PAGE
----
identification number before meeting or exceeding the accumulation 
limit. In addition, these handlers are required to keep records of 
universal waste shipments received or sent off-site. These records may 
take the form of a log, invoice, manifest, bill of lading, or other 
shipping document.
    Handlers of spent mercury-containing equipment are also subject to 
the requirements applicable to all universal waste handlers in the 
existing universal waste rule framework. These requirements can be 
found in 40 CFR part 273 subparts B and C, and cover accumulation time 
limits, employee training, response to releases, off-site shipments, 
and exports.
3. Requirements for Transporters
    Under 40 CFR 273.9, the definition of a universal waste transporter 
is ``a person engaged in the off-site transportation of universal waste 
by air, rail, highway, or water.'' Persons meeting the definition of 
universal waste transporter include those persons who transport 
universal waste from one universal waste handler to another, to a 
processor, to a destination facility, or to a foreign destination. 
These persons are subject to the universal waste transporter 
requirements of part 273, subpart D. Today's rule does not change any 
of the existing requirements applicable to universal waste 
transporters.
    EPA notes that today's rule also does not affect the applicability 
of shipping requirements under the hazardous waste materials 
regulations of the Department of Transportation. Transporters continue 
to be subject to these requirements, if applicable (e.g., 49 CFR 
173.164: Metallic Mercury and Articles Containing Mercury).
4. Requirements for Destination Facilities
    Under 40 CFR 273.9, the definition of a destination facility is ``a 
facility that treats, disposes of, or recycles a particular category of 
universal waste'' (except certain activities specified in the 
regulations at Sec.  273.13(a) and (c) and Sec.  273.33(a) and (c)). 
Today's rule does not change any of the existing requirements 
applicable to universal waste destination facilities (subpart E of part 
273).
5. Effect of Today's Rule on Household Wastes and Conditionally-Exempt 
Small Quantity Generators
    Adding spent mercury-containing devices to the federal definition 
of universal wastes does not impose any requirements on households and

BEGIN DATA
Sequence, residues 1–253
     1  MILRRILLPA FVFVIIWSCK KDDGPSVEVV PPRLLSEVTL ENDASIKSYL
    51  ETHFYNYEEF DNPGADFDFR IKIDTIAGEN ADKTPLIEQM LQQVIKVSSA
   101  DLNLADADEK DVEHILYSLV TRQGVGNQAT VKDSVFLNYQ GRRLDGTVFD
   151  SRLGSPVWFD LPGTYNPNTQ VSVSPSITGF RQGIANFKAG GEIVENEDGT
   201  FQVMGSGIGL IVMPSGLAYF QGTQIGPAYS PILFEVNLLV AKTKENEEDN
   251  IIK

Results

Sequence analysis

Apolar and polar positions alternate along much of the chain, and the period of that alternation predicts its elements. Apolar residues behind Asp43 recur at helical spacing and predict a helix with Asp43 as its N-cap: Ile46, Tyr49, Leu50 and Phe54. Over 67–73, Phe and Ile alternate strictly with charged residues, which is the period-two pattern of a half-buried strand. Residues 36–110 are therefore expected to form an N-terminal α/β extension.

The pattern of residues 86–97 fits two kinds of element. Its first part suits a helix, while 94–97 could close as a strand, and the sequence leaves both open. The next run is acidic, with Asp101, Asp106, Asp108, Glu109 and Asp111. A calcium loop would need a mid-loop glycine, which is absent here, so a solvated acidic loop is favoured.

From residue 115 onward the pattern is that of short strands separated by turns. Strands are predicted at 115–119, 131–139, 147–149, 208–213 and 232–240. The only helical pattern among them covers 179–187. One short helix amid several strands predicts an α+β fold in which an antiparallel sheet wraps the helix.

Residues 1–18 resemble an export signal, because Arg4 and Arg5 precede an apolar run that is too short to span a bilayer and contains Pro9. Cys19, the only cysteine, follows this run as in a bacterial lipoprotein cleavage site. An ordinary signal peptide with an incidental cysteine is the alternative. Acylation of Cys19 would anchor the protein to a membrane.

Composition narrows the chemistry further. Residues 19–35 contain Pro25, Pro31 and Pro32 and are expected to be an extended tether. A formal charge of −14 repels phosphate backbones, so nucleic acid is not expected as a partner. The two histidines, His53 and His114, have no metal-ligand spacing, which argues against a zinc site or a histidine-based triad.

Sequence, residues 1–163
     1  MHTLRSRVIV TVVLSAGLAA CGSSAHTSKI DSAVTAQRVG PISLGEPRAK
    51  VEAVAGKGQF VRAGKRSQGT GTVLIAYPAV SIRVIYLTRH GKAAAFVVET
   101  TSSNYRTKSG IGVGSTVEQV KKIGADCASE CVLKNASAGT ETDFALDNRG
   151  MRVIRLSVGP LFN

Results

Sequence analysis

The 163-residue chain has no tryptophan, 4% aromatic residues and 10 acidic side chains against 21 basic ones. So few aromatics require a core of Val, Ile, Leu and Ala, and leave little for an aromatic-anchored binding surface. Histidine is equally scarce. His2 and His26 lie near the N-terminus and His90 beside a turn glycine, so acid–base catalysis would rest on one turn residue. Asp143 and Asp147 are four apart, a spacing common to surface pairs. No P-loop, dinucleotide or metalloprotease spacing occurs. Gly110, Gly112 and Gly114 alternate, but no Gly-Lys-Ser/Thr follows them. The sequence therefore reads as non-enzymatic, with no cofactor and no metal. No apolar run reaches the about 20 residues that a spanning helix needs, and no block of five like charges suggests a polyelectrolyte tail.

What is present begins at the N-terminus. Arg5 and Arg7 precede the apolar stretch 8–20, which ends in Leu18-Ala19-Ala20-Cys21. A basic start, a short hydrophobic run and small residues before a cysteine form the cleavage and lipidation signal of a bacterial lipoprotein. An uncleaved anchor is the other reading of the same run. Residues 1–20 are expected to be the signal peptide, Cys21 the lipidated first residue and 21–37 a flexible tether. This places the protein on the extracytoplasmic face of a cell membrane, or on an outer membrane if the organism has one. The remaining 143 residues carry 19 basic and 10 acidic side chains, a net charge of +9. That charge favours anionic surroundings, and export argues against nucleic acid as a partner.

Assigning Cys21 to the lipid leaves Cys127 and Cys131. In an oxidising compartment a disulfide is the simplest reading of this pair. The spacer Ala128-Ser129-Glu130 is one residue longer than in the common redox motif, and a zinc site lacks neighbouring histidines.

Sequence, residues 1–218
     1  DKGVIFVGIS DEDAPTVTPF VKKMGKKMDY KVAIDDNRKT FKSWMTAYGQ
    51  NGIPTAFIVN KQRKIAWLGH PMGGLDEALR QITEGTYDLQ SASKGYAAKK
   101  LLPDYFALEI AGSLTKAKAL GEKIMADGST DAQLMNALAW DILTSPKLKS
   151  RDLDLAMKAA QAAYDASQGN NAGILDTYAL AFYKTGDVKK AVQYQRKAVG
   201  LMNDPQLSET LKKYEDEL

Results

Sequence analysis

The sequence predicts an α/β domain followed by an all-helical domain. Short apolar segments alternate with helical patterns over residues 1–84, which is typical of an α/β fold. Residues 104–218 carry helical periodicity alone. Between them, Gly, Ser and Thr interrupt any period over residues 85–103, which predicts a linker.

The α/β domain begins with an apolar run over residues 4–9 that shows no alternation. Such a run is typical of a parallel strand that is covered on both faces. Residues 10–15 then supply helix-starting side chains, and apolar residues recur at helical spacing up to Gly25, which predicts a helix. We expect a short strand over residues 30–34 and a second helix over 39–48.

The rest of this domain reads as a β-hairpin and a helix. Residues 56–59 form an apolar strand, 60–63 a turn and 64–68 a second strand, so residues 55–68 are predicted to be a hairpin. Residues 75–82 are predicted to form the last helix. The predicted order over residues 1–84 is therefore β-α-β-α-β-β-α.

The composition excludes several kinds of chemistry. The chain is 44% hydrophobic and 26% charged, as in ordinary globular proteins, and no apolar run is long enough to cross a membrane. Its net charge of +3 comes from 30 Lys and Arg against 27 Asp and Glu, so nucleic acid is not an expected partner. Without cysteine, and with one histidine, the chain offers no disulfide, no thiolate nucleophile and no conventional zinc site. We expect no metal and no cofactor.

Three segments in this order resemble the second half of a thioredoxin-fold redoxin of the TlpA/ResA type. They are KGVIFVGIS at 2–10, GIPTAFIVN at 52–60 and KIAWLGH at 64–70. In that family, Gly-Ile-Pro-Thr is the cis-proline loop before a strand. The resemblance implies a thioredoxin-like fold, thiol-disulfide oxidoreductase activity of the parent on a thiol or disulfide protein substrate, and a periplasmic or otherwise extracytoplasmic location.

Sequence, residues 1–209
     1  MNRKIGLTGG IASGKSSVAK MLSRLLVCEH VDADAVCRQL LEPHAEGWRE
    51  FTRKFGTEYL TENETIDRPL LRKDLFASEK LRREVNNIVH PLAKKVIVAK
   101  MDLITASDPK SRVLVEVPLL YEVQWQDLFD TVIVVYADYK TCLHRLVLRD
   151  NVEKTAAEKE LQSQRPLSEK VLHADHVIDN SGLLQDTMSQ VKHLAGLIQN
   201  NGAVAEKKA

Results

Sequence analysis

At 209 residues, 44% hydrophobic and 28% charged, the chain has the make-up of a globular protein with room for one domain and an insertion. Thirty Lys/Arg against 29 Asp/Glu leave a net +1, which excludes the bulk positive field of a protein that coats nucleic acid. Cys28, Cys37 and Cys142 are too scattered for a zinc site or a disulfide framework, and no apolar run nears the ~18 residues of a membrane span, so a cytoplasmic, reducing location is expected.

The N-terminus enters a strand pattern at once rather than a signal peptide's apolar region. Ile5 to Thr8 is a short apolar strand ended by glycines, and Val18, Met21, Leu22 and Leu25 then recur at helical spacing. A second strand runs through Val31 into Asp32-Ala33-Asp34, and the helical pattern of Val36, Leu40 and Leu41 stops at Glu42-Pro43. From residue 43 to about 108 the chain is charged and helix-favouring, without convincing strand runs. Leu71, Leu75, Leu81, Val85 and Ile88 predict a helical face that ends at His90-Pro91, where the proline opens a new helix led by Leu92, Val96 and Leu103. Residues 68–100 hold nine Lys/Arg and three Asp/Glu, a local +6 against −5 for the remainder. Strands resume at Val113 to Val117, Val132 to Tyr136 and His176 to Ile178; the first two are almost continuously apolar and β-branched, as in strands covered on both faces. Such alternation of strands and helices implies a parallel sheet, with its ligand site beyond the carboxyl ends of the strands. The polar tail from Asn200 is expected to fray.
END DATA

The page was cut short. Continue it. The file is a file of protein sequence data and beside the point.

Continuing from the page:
conditionally-exempt small quantity generators for managing these 
devices.\5\ Household waste continues to be exempt from RCRA subtitle C 
regulations under 40 CFR 261.4(b)(1). However, under the universal 
waste rule, households and CESQGs may choose to manage their spent 
mercury-containing equipment in accordance with either the CESQG 
regulations under 40 CFR 261.5 or as a universal waste under part 273 
(40 CFR 273.8(a)(2)).
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    \5\ Conditionally-exempt small quantity generators (CESQGs) 
generate less than 100 kilograms of hazardous waste in a calendar 
month and are not subject to RCRA subtitle C hazardous waste 
management standards, provided they send their waste to a municipal 
solid waste facility or other facility approved by the state for the 
management of industrial or municipal non-hazardous wastes (40 CFR 
261.5).
---------------------------------------------------------------------------

    It should be noted, however, that 40 CFR 273.8(b) continues to 
apply. Under this provision, if household or CESQG wastes are mixed 
with universal waste subject to the requirements of 40 CFR

[[Page 45515]]

part 273 (i.e., universal waste that is not generated by households or 
CESQGs), the commingled waste must be handled as universal waste in 
accordance with part 273. Under today's rule, handlers of universal 
waste who collect 5,000 kilograms or more of this commingled waste are 
considered large quantity handlers of universal waste and must meet the 
requirements of that category of universal waste handler.
    Spent mercury-containing equipment that is managed as a universal 
waste under 40 CFR part 273 is not required to be included in a 
facility's determination of hazardous waste generator status (40 CFR 
261.5(c)(6)). Therefore, a generator that manages such devices under 
the universal waste rule and does not generate any other hazardous 
waste is not subject to other subtitle C hazardous waste management 
regulations, such as the hazardous waste generator regulations in part 
262.
    A universal waste handler that generates more than 100 kilograms 
but less than 1,000 kilograms of hazardous waste in a calendar month in 
addition to the universal waste it generates is regulated as a small 
quantity generator of hazardous waste and is required to manage all 
hazardous waste not included within the scope of that universal waste 
rule in accordance with all applicable subtitle C hazardous waste 
management standards. Similarly, a universal waste handler that 
generates 1000 kilograms or more of hazardous waste in a calendar month 
in addition to the universal waste it generates is regulated as a large